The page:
Series: The Old Kingdom #1
Published by HarperCollins
Published on 1995
Source: My home library
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Since childhood, Sabriel has lived outside the walls of the Old Kingdom, away from the power of Free Magic, and away from the Dead who refuse to stay dead. But now her father, the Abhorson, is missing, and Sabriel must cross into that world to find him. With Mogget, whose feline form hides a powerful, perhaps malevolent spirit, and Touchstone, a young Charter Mage, Sabriel travels deep into the Old Kingdom. There she confronts an evil that threatens much more than her life and comes face-to-face with her own hidden destiny.
You know sometimes when you read a book that’s just so good you get kind of overwhelmed and when you finish it you just need to cry to let all of your feelings out? Yeah. This. Fucking. Book. I read it a couple of times when I was a teenager but I haven’t read it for at least ten years, and let me tell you, it still holds up as an amazing read all these years later.
Sabriel, a schoolgirl in Ancelstierre, is the heir to the role of the anti-necromancer, called the Abhorsen, and when her father sends her the magical bells and sword of the position she goes on a quest to rescue him, across the Wall into the Old Kingdom where the dead rise with Free Magic and it is her job to send them back into death. All she has to guide her is a sarcastic talking cat and a mysterious boy she saved who can’t even tell her his real name.
The plot of Sabriel is a typical coming-of-age high fantasy adventure. Despite being born in the Old Kingdom, Sabriel grew up in safety across the Wall and despite being a powerful Charter Mage with a gift and instinct for magic to fight the dead, she deson’t know anything about Old Kingdom politics or culture or even what’s happened in the 200 years since the last royal was slain. We follow Sabriel as she learns as fast as she can and does what she can to help the people plagued by the rising dead. Her quest is to rescue her father, but the novel’s plot is her adventure on the awakening and inheritance of the role of Abhorsen.
Sabriel is a wonderful character, quick-witted, brave, and resourceful. She doesn’t let emotions get in the way of her goals, but she’s still an eighteen year old girl who grew up in a sheltered all-girls’ school, so she has a lot to learn both about the world, the Old Kingdom, and magic itself.
Mogget is one of the stars of the book. He’s a talking white cat, a sort of servant of the Abhorsen’s, and he’s sarcastic as fuck. He’s constantly amused by Sabriel’s lack of knowledge, and you can never tell if he cares for his masters or wants them dead and gone. Possibly both at the same time. While talking animals aren’t exactly rare in YA fantasy, Mogget does have the distinction of being all on his own, both a help and a hindrance and a threat if he were ever freed. I find a similarity to Spike from Season 4 of Buffy The Vampire Slayer when he’s been ‘neutered’ – still a savage beast, but unable to actively hurt anyone.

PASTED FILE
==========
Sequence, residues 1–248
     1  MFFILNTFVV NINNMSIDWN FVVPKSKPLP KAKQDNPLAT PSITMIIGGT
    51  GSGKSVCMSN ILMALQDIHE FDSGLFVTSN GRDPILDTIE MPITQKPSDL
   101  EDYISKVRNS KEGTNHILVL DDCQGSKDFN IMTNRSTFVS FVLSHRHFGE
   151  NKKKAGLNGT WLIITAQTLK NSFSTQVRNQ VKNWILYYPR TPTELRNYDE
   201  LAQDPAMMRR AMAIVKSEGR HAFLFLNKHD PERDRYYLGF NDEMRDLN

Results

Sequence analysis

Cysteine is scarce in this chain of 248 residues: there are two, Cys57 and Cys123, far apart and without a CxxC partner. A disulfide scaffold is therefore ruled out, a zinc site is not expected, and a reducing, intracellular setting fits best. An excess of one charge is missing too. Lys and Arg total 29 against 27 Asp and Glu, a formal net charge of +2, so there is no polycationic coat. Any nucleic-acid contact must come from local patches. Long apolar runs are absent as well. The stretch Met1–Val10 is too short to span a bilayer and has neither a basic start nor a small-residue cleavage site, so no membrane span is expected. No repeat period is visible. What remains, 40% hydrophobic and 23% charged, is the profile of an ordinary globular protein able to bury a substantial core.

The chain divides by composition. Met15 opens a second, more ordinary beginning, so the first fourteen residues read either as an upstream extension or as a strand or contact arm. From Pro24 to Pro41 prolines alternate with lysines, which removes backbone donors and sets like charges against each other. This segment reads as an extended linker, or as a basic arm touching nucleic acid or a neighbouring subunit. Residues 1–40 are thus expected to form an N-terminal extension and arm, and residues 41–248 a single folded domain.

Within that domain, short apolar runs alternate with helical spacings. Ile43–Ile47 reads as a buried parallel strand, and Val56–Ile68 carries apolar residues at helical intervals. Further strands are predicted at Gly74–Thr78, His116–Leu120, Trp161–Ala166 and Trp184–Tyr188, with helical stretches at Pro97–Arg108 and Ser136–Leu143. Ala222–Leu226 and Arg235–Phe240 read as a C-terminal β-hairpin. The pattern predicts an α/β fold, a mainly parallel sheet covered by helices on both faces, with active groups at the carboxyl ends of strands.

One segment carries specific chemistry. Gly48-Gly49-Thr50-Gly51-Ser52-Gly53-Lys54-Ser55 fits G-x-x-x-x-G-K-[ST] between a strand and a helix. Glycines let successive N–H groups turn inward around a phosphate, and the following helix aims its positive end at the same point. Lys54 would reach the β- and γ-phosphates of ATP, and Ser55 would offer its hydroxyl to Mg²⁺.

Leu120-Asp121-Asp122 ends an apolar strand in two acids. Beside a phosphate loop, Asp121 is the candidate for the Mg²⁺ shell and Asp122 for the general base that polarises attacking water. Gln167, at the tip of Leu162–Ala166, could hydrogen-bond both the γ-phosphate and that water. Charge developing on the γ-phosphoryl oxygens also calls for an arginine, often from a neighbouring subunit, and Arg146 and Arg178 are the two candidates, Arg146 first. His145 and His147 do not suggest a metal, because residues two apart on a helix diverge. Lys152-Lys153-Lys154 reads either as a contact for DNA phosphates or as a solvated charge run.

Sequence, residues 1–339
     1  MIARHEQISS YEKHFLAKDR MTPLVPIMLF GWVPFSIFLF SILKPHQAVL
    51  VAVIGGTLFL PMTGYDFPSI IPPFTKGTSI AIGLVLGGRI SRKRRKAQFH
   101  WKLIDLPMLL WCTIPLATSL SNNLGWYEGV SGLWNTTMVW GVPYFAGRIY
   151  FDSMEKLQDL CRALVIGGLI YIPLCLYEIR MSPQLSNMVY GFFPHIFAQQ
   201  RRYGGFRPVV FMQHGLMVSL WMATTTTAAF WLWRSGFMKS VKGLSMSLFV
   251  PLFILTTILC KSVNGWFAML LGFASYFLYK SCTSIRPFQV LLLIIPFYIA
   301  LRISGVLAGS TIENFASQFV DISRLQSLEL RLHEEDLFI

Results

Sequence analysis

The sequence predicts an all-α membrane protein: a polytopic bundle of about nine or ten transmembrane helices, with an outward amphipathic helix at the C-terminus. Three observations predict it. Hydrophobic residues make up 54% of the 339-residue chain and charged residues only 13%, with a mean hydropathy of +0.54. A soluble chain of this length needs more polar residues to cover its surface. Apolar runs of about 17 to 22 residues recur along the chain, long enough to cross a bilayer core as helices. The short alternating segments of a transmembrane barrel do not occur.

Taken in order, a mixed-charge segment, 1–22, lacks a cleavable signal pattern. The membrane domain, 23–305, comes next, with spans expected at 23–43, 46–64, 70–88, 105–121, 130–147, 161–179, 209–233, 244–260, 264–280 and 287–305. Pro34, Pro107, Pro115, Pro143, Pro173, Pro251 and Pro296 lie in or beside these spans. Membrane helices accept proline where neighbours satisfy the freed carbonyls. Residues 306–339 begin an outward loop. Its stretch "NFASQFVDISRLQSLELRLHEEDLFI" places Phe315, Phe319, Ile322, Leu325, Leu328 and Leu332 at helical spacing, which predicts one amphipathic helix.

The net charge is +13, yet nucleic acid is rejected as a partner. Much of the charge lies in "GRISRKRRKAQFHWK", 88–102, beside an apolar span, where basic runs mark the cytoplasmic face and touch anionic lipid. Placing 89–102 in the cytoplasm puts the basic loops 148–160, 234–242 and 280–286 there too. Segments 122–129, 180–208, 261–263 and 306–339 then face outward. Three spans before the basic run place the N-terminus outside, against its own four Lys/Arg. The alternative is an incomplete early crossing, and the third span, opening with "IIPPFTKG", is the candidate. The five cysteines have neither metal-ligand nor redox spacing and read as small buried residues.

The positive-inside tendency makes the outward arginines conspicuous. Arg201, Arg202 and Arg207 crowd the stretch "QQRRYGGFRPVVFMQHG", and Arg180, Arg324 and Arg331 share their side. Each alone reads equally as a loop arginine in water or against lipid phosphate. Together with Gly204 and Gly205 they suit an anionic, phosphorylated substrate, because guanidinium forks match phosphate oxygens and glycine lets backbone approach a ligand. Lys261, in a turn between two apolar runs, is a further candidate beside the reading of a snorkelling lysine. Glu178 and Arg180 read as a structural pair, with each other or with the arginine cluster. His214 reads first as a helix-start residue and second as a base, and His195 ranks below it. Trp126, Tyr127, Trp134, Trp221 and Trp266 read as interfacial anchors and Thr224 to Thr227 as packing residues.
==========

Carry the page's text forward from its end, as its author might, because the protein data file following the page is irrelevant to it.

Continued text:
Touchstone makes up the final member of this ragtag adventuring trio. He has too many secrets he can’t even share, but Sabriel think he’s attractive, and he’s got a lot of honour and duty in him. He’s also a berserker, so that comes in handy, and he’s skilled with the double sword. He’s totally dedicated to Sabriel and sees her, for a long time, simply as the Abhorsen, and not as a young woman.
Nix has this uncanny ability to make his writing timeless. This book is published in the 90s, but it’s still as relevant today as it ever was, and it would even fit in seamlessly with fantasy books published in the 70s or 80s. It’s beautiful writing, it does nothing to disguise the harsh realities that Sabriel now faces, but it’s kind of lyrical and poetic at the same time. I love how it seems both almost old-fashioned and quite modern at the same time, and I can’t for the life of me figure out how. I think it has to do with the politeness of language used in dialogue, combined with the way the magic system works and how Nix uses language to describe how the magic, largely a visual medium, is happening.
I didn’t find anything wrong with the pacing. Everything Sabriel did had a reaction that propelled her forward and she continued to face and overcome her obstacles – not without much difficulty – all throughout the plot until a very satisfying climax was reached.
Sabriel is by now what should be considered a classic Australian Young Adult high fantasy. It’s an incredibly detailed, immersive world with a touch of horror, a well-thought-out magic system, wonderful, believable characters and a strong, tight plot to keep readers engaged. I strongly suggest this book not only to teens and adults but readers of any genre.